be made lower down, and there was no difference of opinion but that Johnson's plantation was the best if not only place to disembark the troops, even if Haine's Bluff were to be the point of real attack.
From the levee above Chickasaw Bayow Bayou where Steele landed all the way up to Snyder's is an impracticable swamp, passable, at only two points, one near Benson Blake's and the other which Steele attempted, and which he pronounced officially as more difficult than the Bridge of Lodi. There is one small bayou close up to Snyder's, another a short distance below, and about a mile below is the large creek called Skilet Goliah, and all along the foot of hills is a swamp and bayou similar to the one we had so much trouble with. At first the enemy expected us there, but when we landed at Johnson's they of course changed to the points accessible from Johnson's. They were familiar with every foot of ground, and we had to study it under extreme difficulties.
I think that the chances against Snyder's were better after we had drawn the enemy to the head of Chickasaw Bayou than before. More over in the interim; Admiral Porter had constructed a prow to one of the rams with which to take up or explode in advance the torpedoes that filled the Yazoo. The moment he was willing to attack the batteries at Snyder's I was ready to co-operate, and, as you say, we made prompt and secret preparations for the attack. General Steele was confident and so was I, and we did not abandon the attempt till the admiral declared it"too hazardous." But an essential feature in the proposed attack on the morning of January 1, 1863, at Snyder's was a simultaneous attack at Morgan's front and that of A. J. Smith. At great labor we had brought up four 30-pounder Parrott guns, and had all our field batteries placed according to our then more perfect knowledge of the ground and the enemy's position. I held all ready to begin the moment I heard you engaged at Snyder's and I contend we at Chickasaw Bayou could and would have held the infantry force there leaving the gunboats and Stele's forces to fight the batteries above at Snyder's. It is for this reason I say the military chances were better on the early morning of January 1 than if we had gone with our fleet direct up to Haines' Bluff on the morning of December 27. We do know the difficulties we encountered, and it may be, as is al ways the case, that we cannot do as well on the ground as we can figure on paper, but in my mind I know I studied night and day to acquire the most accurate information; that I acted in perfect harmony with the naval squadron, and that I communicated frankly and fully to all division commanders all facts that reached me. I do know that Morgan's advance was on the true line of attack; that his attack was the signal for all others; that he was full of confidence; that he knew early on the morning of December 29 of the road by which you returned from the assault; that his entire division was ordered to carry the road and up the hill to the first summit; that your brigade and Steele's whole division were ordered to support Morgan; that the pontoon bridge was designed only as auxiliary, so as to enable Morgan to cross a part of his troops by a route where the enemy had made no seeming preparations for resistance.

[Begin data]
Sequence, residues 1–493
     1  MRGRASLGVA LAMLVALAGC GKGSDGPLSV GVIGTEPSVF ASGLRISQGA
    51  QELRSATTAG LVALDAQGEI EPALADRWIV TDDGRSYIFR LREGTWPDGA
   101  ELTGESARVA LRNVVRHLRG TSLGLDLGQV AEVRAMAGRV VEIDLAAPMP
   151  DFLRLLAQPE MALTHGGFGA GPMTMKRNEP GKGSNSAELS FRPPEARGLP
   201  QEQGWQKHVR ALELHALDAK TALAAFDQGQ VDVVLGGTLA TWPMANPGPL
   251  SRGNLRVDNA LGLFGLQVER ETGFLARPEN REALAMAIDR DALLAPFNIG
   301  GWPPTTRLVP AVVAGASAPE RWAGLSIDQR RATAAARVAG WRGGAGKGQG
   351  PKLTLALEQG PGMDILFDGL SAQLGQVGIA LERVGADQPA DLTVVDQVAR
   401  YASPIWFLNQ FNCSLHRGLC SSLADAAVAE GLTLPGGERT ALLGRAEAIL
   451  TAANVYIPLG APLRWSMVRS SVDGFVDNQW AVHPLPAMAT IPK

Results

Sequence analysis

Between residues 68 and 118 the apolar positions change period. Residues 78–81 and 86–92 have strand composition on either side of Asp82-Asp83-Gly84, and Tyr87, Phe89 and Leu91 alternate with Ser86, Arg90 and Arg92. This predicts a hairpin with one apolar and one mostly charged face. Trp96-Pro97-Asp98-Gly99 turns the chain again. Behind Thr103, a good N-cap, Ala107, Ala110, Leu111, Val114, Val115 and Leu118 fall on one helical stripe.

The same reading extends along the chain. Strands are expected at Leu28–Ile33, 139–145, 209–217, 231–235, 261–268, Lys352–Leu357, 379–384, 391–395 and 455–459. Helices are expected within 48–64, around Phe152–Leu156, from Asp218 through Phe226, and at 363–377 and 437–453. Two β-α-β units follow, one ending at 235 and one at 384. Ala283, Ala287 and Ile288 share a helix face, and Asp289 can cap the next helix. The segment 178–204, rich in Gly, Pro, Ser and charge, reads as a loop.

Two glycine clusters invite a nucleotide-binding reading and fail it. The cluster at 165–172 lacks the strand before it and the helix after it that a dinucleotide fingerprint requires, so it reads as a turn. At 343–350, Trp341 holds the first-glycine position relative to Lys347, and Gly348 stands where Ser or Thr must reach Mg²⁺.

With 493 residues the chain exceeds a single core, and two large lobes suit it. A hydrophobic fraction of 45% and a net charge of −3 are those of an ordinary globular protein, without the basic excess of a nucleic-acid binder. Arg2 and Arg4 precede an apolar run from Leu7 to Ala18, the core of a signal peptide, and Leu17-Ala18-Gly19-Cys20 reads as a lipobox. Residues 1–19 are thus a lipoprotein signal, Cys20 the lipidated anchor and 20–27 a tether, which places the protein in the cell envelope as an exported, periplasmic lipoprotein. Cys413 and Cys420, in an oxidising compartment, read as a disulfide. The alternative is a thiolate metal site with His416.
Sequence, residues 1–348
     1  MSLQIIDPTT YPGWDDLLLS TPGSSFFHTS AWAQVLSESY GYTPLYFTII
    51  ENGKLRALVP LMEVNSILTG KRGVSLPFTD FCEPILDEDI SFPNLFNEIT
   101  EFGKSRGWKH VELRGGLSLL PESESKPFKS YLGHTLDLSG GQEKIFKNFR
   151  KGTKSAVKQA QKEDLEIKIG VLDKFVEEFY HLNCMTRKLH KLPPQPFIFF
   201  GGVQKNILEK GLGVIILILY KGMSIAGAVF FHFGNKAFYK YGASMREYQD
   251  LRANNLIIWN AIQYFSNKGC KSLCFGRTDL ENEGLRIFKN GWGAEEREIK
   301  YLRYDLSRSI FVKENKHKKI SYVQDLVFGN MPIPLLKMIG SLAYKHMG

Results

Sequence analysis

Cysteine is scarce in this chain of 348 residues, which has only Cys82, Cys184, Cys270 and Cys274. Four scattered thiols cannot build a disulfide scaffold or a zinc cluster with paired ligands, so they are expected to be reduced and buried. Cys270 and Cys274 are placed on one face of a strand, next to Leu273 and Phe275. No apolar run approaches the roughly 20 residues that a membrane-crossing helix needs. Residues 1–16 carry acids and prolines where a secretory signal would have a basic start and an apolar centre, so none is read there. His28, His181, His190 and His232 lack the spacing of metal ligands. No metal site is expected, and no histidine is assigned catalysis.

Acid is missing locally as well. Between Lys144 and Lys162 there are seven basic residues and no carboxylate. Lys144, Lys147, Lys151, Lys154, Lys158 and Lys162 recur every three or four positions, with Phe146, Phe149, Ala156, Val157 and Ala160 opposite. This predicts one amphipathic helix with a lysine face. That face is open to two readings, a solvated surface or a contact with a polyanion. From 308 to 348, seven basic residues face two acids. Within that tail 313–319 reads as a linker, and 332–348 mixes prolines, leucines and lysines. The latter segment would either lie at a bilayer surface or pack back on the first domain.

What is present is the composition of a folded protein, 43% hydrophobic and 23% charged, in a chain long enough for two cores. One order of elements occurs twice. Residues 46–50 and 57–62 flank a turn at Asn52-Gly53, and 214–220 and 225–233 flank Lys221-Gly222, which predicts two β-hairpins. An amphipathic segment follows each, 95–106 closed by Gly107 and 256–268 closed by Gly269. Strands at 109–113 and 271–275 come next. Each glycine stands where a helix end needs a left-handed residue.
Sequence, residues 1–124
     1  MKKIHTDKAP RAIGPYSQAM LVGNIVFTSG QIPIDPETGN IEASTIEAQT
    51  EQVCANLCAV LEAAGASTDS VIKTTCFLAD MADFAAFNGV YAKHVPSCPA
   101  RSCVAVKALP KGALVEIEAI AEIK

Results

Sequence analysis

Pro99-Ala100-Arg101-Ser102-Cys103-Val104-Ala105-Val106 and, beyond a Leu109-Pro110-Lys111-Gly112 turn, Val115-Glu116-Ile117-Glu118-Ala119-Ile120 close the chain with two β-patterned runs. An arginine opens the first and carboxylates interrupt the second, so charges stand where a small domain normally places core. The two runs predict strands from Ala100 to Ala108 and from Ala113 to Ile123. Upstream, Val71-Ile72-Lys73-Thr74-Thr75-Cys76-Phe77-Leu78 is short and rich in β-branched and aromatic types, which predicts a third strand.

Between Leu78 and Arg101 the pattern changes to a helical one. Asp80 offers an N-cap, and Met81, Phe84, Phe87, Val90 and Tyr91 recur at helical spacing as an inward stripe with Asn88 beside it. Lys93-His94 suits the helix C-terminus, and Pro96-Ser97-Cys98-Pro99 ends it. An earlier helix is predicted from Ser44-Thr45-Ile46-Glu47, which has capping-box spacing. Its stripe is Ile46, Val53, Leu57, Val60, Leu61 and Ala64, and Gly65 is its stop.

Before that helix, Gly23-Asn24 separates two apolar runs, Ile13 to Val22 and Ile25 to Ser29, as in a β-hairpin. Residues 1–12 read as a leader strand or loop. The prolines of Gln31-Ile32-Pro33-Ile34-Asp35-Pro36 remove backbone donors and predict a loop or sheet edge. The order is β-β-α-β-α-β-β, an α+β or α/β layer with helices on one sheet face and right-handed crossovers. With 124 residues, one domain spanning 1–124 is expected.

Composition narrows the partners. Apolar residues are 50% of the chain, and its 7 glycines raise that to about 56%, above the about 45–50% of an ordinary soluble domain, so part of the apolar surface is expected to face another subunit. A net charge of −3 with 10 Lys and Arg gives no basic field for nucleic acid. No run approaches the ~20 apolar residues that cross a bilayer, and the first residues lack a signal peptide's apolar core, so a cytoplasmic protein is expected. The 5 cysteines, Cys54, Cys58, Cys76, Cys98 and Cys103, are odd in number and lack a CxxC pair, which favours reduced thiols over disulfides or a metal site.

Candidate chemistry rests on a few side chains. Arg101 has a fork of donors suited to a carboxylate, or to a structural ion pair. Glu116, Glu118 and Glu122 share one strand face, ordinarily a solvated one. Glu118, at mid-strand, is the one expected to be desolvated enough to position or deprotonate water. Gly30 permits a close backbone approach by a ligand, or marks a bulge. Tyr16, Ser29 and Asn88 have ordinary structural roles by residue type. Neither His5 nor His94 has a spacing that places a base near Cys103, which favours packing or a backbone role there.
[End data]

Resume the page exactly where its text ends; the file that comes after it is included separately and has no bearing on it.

I know that the Second Division did commence when Morgan opened fire, and I know it occupied large masses of the enemy who otherwise would have encountered Morgan. I know the same of the First Division, and that the ground to its front was absolutely impassable to any army except skirmishers; but still Colonel Landram, commanding that brigade, did push his skirmishers through the tangled mass of timber, which I have examined personally, and he did occupy the atten-